GoldenEye and Perfect Dark are one of the main reasons why I eschew N64 emulation in favor of using the real system (and was willing to spend $400 on the Framemeister to get acceptable picture quality from it). There are far too many graphics glitches and emulation inaccuracies when trying to run these on the computer, to the point that it often hardly even feels like playing the same game. Using a non-N64 controller for games designed with a six-button layout in mind is also really irritating, and trying to dial in the joystick sensitivity to allow the weapon aiming to work the way it’s supposed to is an exercise in frustration. Much better to just use the original version, which ‘just works’, and skip all that other garbage.
Is it just me, or does Poita have the worst luck in the world?
What is this, Be Reasonable In The Political Thread Day?
Where’s the name-calling and mindless bickering over nonsensical things that don’t really matter?
Come on guys, I’m disappointed. :p
Game systems that originally rendered in 240p resolution (ie, everything Nintendo 64 and earlier) should always be viewed on a CRT display if at all possible, or with something that mimics what a CRT does to the image. It’s the only way for it to look right, and to see what the game designers would have actually seen at the time the game was made. Anything else–whether it be horrid blocky pixelation, or destructive smearing filters–just looks wrong and ruins the intended presentation.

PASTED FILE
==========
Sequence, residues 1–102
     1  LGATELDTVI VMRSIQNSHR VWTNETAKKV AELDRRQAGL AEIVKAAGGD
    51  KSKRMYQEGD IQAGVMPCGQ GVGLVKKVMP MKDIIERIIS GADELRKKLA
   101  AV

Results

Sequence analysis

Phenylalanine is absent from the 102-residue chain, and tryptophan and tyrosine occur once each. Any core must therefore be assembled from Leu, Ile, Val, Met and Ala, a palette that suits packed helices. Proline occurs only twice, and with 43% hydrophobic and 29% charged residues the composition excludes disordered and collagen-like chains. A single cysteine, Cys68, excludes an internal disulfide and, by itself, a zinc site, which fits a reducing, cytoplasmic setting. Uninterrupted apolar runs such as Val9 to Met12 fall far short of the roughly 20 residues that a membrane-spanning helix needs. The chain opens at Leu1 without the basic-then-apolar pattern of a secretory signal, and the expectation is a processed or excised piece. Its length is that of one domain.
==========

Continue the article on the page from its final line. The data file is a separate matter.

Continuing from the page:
The CRT effect preserves all the resolution the game produces while smoothing pixelation in a way that our eyes naturally respond to. Blocky edges are rounded out very nicely, and the visible ‘scan lines’ (which are actually blank space in between the lines of resolution, and appear due to the nature of the 240p signal) break up the harshness of the pixelation, tricking our brains into seeing a more detailed image than what is actually shown. In a way it’s similar to how film grain can trick us into thinking we see a sharper image than we really do–even though it’s an illusion, it is one that fits very well with our perception. In contrast with this analog goodness, digital displays are very unforgiving and show only the harshness of the raw image, ruining the illusion the low resolution art is trying to create unless it can be brought back as a post-processing effect.